• Perfectionism: Some people may be perfectionists and feel that they cannot start a task until they have everything they need or until they feel fully prepared. This can lead to procrastination because they are waiting for the perfect moment to begin.
  • Overwhelm: Some people may feel overwhelmed by the size or complexity of a task and may put it off as a way of coping with that feeling.
  • Time management: Some people may struggle with managing their time effectively, which can lead to procrastination as they try to juggle multiple tasks or responsibilities.
  • Distractions: Some people may be easily distracted by other things, such as social media or TV, which can lead to procrastination as they get sidetracked.

How to Stop Procrastinating?

  1. Set specific, achievable goals for yourself. Breaking down large tasks into smaller, more manageable goals can make them feel more attainable and help you stay motivated.
  2. Create a schedule and stick to it. Having a clear plan for your day can help you prioritize tasks and stay on track.
  3. Remove distractions. If you find it difficult to focus on your work, try to minimize distractions by turning off your phone, finding a quiet place to work, or using tools to block distracting websites.
  4. Use the Pomodoro Technique. This method involves working for a set amount of time (usually 25 minutes) and then taking a short break (usually 5 minutes). Repeat this process a few times, and then take a longer break (15-30 minutes). This technique can help you stay focused and avoid burnout.
  5. Use a planner or to-do list. Writing down your tasks and deadlines can help you stay organized and prioritize your work.
  6. Find accountability. Having someone to hold you accountable for your goals, whether it’s a friend, a mentor, or a coach, can help you stay on track and motivated.
  7. Get enough sleep. Lack of sleep can lead to decreased productivity and difficulty with focus and concentration. Make sure you’re getting enough rest so that you can be at your best.
  8. Take breaks and engage in activities you enjoy. It’s important to give yourself time to relax and recharge, as this can help you be more productive when you return to your work.
  9. Reach out for assistance. If you find yourself grappling with procrastination that’s adversely affecting your work or daily routines, it may be beneficial to seek the support of a mental health professional, such as through Calmerry therapy. Their expertise can aid you in pinpointing the underlying reasons behind your procrastination and crafting effective strategies to conquer it.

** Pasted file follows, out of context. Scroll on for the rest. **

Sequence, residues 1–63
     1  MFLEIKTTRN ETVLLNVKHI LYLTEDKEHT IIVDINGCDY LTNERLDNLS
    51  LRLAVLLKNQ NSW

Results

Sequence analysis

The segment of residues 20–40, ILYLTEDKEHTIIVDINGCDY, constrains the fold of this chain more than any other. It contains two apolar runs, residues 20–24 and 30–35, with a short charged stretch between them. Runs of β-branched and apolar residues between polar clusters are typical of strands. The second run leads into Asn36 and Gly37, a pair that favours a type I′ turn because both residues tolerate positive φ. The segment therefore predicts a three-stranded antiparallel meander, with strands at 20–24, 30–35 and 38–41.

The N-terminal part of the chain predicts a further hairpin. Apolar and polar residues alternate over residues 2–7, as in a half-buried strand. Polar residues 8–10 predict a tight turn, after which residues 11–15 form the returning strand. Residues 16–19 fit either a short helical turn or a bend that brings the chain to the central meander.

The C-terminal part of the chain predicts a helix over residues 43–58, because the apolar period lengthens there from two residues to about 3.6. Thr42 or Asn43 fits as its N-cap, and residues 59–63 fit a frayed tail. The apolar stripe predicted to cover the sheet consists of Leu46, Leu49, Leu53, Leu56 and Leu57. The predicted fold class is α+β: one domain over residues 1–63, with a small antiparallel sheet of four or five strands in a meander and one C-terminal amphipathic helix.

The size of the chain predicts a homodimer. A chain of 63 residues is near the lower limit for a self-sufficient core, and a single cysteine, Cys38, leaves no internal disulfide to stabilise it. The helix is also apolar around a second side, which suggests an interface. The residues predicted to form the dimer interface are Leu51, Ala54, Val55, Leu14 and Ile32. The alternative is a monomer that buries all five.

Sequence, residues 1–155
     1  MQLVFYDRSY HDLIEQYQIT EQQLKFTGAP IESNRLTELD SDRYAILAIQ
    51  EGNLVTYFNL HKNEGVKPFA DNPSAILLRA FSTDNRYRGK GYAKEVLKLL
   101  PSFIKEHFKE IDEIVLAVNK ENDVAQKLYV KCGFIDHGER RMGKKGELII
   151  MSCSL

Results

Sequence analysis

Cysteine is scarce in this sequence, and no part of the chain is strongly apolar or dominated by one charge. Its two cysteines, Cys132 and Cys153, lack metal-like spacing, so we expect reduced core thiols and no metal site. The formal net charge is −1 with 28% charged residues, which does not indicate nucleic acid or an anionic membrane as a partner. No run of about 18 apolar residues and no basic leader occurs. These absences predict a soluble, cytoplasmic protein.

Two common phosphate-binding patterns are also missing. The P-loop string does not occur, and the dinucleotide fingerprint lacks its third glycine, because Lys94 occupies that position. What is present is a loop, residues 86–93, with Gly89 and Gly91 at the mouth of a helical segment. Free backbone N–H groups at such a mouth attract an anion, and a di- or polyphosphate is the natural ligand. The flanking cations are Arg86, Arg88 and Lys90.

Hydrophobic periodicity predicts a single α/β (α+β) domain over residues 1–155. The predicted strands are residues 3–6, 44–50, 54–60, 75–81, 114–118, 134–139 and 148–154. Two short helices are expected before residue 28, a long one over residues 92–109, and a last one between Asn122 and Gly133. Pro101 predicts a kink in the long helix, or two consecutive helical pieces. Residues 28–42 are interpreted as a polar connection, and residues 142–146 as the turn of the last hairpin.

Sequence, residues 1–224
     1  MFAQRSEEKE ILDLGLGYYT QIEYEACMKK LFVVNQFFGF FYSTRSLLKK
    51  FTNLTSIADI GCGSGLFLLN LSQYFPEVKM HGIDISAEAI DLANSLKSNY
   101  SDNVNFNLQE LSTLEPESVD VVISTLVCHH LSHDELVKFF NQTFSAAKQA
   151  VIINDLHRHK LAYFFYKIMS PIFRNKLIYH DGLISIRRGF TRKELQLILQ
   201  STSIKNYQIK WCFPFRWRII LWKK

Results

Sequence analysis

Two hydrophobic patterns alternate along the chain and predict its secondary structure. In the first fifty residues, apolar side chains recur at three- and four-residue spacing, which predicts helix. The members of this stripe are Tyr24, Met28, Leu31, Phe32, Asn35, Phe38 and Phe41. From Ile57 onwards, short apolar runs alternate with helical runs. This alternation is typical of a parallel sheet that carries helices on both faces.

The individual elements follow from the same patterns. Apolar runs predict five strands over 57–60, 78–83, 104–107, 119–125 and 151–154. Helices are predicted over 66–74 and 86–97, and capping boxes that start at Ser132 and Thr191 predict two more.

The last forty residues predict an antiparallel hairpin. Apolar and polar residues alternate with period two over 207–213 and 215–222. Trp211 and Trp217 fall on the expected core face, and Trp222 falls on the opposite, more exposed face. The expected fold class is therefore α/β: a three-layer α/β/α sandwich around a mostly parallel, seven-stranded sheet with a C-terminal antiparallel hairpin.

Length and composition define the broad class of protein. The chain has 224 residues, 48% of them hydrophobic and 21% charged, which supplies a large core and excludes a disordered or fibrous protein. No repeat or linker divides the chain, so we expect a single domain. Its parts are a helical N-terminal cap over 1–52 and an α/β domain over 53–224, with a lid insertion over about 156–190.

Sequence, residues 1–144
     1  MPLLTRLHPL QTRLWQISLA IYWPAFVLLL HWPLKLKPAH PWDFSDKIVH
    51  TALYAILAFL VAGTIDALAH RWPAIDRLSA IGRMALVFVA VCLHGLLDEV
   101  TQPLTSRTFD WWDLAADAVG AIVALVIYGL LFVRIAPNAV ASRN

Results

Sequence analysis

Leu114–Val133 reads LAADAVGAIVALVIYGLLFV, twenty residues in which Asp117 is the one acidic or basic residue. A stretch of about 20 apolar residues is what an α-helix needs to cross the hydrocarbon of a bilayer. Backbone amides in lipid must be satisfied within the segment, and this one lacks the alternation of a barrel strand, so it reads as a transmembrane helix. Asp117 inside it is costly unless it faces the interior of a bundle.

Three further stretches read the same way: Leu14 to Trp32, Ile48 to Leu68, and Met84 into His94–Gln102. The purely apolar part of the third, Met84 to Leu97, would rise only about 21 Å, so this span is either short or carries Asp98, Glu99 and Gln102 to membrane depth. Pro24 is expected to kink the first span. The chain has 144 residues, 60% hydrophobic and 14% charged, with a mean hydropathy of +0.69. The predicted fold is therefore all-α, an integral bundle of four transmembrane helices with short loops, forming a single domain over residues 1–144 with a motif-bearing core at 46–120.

The Negative Impact of Procrastination

Procrastination can have a number of negative impacts on an individual’s life. It can lead to increased stress and anxiety, as deadlines loom and the task at hand remains incomplete. It can also lead to poor performance and lower quality of work, as the individual may feel rushed or overwhelmed when trying to complete the task at the last minute. Procrastination can also damage relationships and undermine personal and professional credibility, as others may perceive the individual as unreliable or lacking in discipline. Additionally, chronic procrastination may lead to feelings of guilt, shame, and low self-esteem, as the individual may struggle to meet their own expectations or fulfill their responsibilities. Some other negative impacts include:

  1. Decreased productivity: When we procrastinate, we tend to put off tasks until the last minute, which can result in rushed, low-quality work. This can lead to decreased productivity and a lack of achievement in both personal and professional settings.
  2. Increased stress: Procrastination can lead to a feeling of overwhelming stress as deadlines approach and tasks pile up. This can take a toll on an individual’s mental and physical health.
  3. Poor performance: When we put things off until the last minute, we often do not have enough time to give our best effort to a task. This can lead to poor performance, which can have negative consequences in both personal and professional settings.
  4. Relationship problems: Procrastination can also lead to problems in relationships, as others may become frustrated with our inability to follow through on tasks or commitments.
  5. Negative self-image: Procrastination can lead to feelings of guilt, shame, and self-doubt, which can damage an individual’s self-image and self-esteem.
  6. Financial problems: Procrastination can also have financial consequences, as it can lead to missed deadlines and opportunities, which can result in lost income or missed promotions.

In conclusion, procrastination can be a significant problem for some people, particularly if it is having a negative impact on their life and causing them stress or anxiety. Procrastination can lead to feelings of guilt, low self-esteem, and difficulty completing tasks or meeting deadlines. It can also negatively affect relationships, work, and school performance.

Procrastination is often a result of difficulty managing time, setting goals, or dealing with negative emotions such as fear or anxiety. It can also be a coping mechanism for people who are feeling overwhelmed or stressed.

If you are struggling with procrastination, it may be helpful to try to identify the underlying causes and address them directly. This might involve seeking the help of a therapist or counselor, setting clear goals and priorities, breaking tasks down into smaller steps, and finding ways to manage stress and negative emotions. It can also be helpful to develop strategies for overcoming procrastination, such as setting deadlines, using a timer, or finding an accountability partner.